Compare this to Justin Martyr also. As we saw earlier, like Asterius, Justin Martyr also applied these words from Paul in 1 Corinthians transcendantly to the Church of his own day.

"For the prophetical gifts remain with us, even to the present time...so that in no respect are we deficient..." (Justin, Dialogue with Trypho, CHAP. LXXXII.)

The only way that Asterius could have made this conclusion was if early Christians such as himself understood that Paul's words to the Corinthians in 1 Corinthians 1:6-8 transcended to "all the Church" rather than just those particular Corinthians. So, we have demonstrated also that the idea of transcendence in 1 Corinthains 1:6-8 is not a modern, novel contrivance. Rather, it is an ancient and orthodox understanding of the early Church employed by both Asterius Urbanus and Justin Martyr. This gives us 2 ancient and orthodox witnesses who testify to this ancient and orthodox nature of such an interpretation of 1 Corinthians 1:6-8. Likewise, it is no stretch to understand that the Corinthians themselves who first received this epistle from Paul also understood that he was not only referring to them when he spoke of the confirmation by the gifts continuing until the end when Christ returned. Even Paul's words indicate that the gifts served to prevent the Christians from deviating into error so that they would remain blameless on the day of Christ, which is just the way that Asterius is using the gifts to expose the heretics.

We should also note that Asterius' interpretation of 1 Corinthians 1:6-8 is not simply an ancient interpretation, given that Asterius lived toward the end of second century AD. Asterius is also an Ante-Nicene interpretation of 1 Corinthians 1, which means it was written before the Council of Nicaea (325 AD), which marked the major formal turning point away from apostolic doctrine. In contrast, we should also note that the very first mention of any theory asserting that the gifts were supposed to pass away does not come until the Post-Nicene era, after this major doctrinal shift. For, the first appearances of doctrine asserting that the gifts were supposed to have passed away prior to the return of Christ comes with Augustine (354-430 AD), John Chrysostom (347-407 AD), and Gregory the Great (600 AD), which we demonstrated in our previous survey sections. So, this is also a clear case of Ante-Nicene doctrine from an orthodox writer of the second century versus Post-Nicene doctrine.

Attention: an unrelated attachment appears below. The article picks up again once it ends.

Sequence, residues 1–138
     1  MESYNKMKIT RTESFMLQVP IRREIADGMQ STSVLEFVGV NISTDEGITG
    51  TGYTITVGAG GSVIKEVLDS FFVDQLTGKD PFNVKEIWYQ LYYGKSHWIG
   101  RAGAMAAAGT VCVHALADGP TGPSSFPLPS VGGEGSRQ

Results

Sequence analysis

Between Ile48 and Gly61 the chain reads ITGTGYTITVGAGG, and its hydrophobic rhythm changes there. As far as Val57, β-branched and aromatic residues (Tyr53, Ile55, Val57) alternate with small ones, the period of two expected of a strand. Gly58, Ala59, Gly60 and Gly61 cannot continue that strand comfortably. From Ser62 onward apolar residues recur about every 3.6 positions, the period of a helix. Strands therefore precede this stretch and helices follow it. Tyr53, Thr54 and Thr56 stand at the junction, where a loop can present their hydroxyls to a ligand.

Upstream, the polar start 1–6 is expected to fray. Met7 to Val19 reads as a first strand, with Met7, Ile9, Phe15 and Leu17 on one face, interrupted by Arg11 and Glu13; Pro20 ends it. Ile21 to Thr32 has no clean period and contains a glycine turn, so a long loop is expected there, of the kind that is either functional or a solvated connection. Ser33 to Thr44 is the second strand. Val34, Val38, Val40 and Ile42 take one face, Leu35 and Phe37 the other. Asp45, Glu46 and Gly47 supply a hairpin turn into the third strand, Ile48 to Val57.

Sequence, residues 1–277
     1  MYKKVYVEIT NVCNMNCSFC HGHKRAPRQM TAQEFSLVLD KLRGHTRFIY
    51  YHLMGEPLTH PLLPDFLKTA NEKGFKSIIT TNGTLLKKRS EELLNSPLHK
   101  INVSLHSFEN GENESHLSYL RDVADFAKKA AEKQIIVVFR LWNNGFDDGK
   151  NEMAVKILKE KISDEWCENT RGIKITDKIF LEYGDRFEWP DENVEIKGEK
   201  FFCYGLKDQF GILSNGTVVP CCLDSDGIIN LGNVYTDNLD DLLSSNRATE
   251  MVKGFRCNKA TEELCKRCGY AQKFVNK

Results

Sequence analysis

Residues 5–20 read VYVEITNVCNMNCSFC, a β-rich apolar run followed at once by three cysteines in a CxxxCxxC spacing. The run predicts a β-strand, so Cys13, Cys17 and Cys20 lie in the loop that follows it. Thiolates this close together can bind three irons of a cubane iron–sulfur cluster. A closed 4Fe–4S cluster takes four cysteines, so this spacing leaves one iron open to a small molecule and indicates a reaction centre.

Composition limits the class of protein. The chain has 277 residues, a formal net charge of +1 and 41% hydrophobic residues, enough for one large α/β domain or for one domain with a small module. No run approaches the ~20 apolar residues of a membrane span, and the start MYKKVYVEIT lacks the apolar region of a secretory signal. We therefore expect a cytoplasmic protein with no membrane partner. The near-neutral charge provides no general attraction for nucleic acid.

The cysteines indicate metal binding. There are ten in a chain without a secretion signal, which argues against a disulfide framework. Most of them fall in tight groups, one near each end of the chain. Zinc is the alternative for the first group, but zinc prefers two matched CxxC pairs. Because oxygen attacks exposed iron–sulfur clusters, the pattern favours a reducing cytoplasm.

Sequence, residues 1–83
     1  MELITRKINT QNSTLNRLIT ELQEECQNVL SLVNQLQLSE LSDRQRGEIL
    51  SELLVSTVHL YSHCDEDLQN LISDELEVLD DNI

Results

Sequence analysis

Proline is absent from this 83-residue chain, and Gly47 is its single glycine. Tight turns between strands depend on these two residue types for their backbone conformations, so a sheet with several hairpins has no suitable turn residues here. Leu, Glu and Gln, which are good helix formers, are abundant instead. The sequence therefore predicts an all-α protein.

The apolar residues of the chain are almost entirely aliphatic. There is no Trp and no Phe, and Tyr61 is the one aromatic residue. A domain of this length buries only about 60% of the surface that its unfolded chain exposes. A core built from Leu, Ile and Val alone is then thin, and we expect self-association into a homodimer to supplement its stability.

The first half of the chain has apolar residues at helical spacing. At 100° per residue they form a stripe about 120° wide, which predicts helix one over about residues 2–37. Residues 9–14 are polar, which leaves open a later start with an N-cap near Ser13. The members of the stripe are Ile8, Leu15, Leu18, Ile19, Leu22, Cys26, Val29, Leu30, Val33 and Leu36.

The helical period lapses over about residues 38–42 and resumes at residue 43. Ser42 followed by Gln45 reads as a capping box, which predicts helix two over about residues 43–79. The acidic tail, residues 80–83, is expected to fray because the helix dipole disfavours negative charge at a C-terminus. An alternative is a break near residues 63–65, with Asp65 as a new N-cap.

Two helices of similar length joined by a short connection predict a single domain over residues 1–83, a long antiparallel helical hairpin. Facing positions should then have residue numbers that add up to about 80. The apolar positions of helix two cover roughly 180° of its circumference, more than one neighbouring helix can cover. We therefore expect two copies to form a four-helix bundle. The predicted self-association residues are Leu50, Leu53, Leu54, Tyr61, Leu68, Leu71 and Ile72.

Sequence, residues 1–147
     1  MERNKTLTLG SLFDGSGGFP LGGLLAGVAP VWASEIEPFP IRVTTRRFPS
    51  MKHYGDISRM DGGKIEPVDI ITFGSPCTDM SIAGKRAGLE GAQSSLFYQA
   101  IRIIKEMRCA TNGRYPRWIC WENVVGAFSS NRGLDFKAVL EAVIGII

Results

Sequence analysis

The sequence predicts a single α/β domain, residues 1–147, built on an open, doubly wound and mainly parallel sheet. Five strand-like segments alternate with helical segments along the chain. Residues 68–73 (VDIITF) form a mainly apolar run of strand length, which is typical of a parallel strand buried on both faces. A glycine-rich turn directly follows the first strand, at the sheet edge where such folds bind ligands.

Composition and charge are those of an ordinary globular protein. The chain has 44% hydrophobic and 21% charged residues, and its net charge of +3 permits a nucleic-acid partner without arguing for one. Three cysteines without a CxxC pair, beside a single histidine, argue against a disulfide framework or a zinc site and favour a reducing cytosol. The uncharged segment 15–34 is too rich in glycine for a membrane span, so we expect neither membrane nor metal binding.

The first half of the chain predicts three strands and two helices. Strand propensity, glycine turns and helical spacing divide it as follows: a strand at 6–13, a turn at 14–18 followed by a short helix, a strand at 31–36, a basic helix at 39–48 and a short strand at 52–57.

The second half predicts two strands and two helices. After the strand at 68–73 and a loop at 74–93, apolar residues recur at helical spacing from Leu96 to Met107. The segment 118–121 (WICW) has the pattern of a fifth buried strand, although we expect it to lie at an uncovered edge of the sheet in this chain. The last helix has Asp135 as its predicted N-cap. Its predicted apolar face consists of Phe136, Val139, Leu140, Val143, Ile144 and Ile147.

This brings us to our last point. And that is, why did the gifts disappear before the return of Christ? The answer is simple. As the Church moved away from Apostolic teaching into the teaching of the Gnostics and other heretics in the third and fourth century, the gifts disappeared because their purpose was to confirm the orthodox teaching. When the Church deviated too much from orthodox teaching, then the gifts disappeared because God could not confirm the new teaching, which was heretical.

And as long as the Church, including the Corinthians, understood that the continuation of the gifts was dependent upon whether or not the Church remained in the orthodox, sound teaching given by Jesus to the apostles, then the disappearance of the gifts would not make Paul's words in 1 Corinthians 1:6-8 a false prophecy or false promise. Instead, if the early Church, including the Corinthians, understood that the continuation of the Church was contingent, then the loss of the gifts would simply mean that the dependent variable had not occurred. For a more thorough demonstration that the early Church would have indeed understood that the gifts were contingent upon retaining sound, orthodox doctrine of the apostles, please visit our articles entitle, "What Happened to the Gifts: Scriptural Indications" Parts 1 and 2.

And, we have already thoroughly demonstrated in our article entitled, "Preterism Part 2: Olivet and the Transcendent You" that the early Christians had a built in awareness of transcendence that was inherited from Judaism with regard to such prophetic events as the return of Christ at the end of the Age.

So, neither the historic disappearance of the gifts nor Paul's reassurance to the Corinthians that the gifts would remain until the end would make Paul a false prophet. Therefore, this fourth counterclaim is also disproved and the original proof still stands.